Google TV - An Introduction
The Internet on your TV. Sound like something you'd be interested in? Google is hoping so, as they have partnered up with Sony and Intel to begin producing a box you can hook up to your television. But how will it work, and is it even relevant?
The Google TV box will most likely be a small set-top box much like your current DVD or cable box. It will essentially be a small computer which will let you access the internet by using your television screen instead of your monitor. You'll be able to browse photos, watch YouTube videos, and surf the Internet using Google's Chrome browser.
It's too early to tell if this will be able to serve as a full replacement for your cable service. A major problem consumers have always had with cable is that they must pay for channels they do not want. The average cable user watches perhaps 15 channels regularly, even though he must pay for 60 or more. It is unclear at this point if Google will be able to offer a la Carte channels via their new box. If they can, it may likely signal the beginning of the end of the traditional cable box.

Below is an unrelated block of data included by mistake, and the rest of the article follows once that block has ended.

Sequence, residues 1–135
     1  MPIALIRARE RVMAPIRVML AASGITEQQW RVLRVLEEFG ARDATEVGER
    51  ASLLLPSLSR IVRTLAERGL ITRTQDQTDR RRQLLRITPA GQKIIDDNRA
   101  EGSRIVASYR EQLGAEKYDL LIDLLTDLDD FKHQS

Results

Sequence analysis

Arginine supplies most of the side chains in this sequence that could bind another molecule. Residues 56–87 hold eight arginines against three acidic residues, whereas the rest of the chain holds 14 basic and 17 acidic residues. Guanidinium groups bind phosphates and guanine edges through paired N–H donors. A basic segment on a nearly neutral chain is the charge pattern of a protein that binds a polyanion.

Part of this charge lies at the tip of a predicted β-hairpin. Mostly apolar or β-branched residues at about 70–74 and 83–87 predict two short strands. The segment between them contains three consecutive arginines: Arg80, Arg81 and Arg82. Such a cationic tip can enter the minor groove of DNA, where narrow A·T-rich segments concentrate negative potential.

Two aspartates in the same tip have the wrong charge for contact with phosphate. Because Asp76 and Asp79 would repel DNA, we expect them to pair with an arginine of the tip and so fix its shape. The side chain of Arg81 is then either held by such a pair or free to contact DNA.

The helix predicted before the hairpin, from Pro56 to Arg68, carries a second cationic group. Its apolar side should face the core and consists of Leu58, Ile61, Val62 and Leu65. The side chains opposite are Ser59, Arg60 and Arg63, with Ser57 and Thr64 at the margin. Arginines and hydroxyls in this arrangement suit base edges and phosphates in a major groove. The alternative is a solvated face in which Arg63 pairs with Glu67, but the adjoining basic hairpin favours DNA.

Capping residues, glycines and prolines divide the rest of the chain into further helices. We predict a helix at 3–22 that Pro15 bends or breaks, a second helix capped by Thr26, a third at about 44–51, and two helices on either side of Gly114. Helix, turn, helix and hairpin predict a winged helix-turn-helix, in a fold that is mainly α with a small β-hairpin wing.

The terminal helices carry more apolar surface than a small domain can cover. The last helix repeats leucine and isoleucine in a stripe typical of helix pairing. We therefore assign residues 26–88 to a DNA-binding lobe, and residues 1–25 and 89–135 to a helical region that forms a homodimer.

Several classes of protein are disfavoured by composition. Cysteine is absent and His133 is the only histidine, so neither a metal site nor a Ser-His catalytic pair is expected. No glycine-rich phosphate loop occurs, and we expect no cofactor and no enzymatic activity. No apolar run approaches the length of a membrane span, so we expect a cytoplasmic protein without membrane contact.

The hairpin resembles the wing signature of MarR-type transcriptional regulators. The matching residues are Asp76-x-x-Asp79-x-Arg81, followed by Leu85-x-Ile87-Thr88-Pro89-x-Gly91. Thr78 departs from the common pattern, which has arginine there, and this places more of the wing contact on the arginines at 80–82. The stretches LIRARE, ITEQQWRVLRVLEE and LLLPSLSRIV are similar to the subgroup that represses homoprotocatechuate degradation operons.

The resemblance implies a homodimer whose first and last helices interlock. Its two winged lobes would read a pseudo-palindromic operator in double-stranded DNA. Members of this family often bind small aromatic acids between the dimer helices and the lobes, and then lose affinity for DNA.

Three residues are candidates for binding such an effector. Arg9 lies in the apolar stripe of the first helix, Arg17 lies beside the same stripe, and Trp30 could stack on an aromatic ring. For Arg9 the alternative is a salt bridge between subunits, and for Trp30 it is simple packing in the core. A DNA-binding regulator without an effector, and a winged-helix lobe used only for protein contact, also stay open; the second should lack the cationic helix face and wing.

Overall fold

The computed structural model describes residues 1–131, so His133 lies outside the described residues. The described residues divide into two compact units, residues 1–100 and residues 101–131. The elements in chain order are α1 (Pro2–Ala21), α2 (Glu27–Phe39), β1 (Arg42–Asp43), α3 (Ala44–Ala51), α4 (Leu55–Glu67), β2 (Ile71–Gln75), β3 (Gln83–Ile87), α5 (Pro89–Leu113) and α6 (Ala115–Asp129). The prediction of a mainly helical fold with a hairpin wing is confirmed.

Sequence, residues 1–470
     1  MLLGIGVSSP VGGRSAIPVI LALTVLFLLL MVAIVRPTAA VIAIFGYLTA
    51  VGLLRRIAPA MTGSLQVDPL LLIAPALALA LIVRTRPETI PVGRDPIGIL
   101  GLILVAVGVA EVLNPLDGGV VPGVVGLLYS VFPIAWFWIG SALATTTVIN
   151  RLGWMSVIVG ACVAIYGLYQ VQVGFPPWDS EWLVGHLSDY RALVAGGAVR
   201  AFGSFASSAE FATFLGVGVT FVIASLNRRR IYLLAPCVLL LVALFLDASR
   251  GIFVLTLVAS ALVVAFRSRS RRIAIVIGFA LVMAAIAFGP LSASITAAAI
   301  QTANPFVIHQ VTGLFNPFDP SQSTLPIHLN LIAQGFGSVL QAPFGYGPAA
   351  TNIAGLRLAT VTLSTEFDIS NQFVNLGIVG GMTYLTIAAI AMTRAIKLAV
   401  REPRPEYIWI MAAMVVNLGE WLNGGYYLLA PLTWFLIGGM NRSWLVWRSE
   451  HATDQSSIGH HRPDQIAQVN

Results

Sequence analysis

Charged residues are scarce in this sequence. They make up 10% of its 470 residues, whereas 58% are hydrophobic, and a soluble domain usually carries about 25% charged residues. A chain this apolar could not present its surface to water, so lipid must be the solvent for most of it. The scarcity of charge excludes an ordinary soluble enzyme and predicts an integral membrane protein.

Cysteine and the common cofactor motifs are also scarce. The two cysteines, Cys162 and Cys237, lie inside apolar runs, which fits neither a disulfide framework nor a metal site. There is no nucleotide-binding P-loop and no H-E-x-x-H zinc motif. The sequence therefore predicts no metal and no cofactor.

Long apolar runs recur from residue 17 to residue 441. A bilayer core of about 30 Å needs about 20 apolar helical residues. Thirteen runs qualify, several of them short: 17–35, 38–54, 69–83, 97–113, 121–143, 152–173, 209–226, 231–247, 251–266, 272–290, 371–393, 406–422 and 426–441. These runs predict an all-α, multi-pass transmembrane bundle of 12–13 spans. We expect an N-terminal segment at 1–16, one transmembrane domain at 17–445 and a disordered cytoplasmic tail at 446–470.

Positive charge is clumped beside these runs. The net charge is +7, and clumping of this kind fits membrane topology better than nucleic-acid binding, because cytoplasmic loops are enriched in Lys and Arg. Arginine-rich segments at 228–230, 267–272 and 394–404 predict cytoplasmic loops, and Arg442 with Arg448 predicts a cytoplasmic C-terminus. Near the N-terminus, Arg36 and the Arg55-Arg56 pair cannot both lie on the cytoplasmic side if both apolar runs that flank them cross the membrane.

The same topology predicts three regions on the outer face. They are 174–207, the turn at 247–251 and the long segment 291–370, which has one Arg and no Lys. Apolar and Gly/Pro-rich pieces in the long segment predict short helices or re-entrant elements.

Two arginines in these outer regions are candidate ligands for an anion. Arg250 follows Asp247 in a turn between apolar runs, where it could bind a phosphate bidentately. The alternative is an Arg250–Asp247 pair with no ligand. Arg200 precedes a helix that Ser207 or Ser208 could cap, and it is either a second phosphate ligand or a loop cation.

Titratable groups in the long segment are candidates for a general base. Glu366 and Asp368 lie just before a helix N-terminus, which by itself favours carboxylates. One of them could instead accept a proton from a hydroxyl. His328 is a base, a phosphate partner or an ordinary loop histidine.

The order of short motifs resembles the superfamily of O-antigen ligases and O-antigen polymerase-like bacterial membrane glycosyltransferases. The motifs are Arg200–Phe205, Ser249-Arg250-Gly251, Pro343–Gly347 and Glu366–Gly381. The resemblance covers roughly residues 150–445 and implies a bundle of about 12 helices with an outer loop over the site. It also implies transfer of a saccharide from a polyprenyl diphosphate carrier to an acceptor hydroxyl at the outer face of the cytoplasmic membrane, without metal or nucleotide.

Google is currently working with several manufacturers to produce peripheries for the Google TV. One of these is Logitech, who is working on a keyboard for the new device. This is nice because it would most likely to be cumbersome to perform searches without a keyboard, but there may be little advantage to this over using a laptop computer.
Of course, the Google TV isn't exactly a groundbreaking idea. Owners of Nintendo's Wii have been able to browse the internet for several years on their TV using the built in browser powered by Opera. Wii owners can also watch YouTube and perform Google searches. This Wii browser is navigated by the Wii remote via a wireless pointing mechanism. Users can either use a virtual keyboard or buy a periphery keyboard, also made by Logitech. Many other companies have also provided solutions for an internet on the TV experience. The PS3 from Sony (who is set to produce the Google TV) already has a web browser application, as do cable boxes from Dish Network.
It will certainly be interesting to see what becomes of the Google TV project. Oftentimes Google's products are a hit or miss. Gmail has turned into a highly successful email service, but Google Buzz (Google's competitor to Twitter) seems like an unnecessary also-ran which has failed to catch on. To use a cliché which will no doubt become overused in regards to the Google TV: stay tuned.
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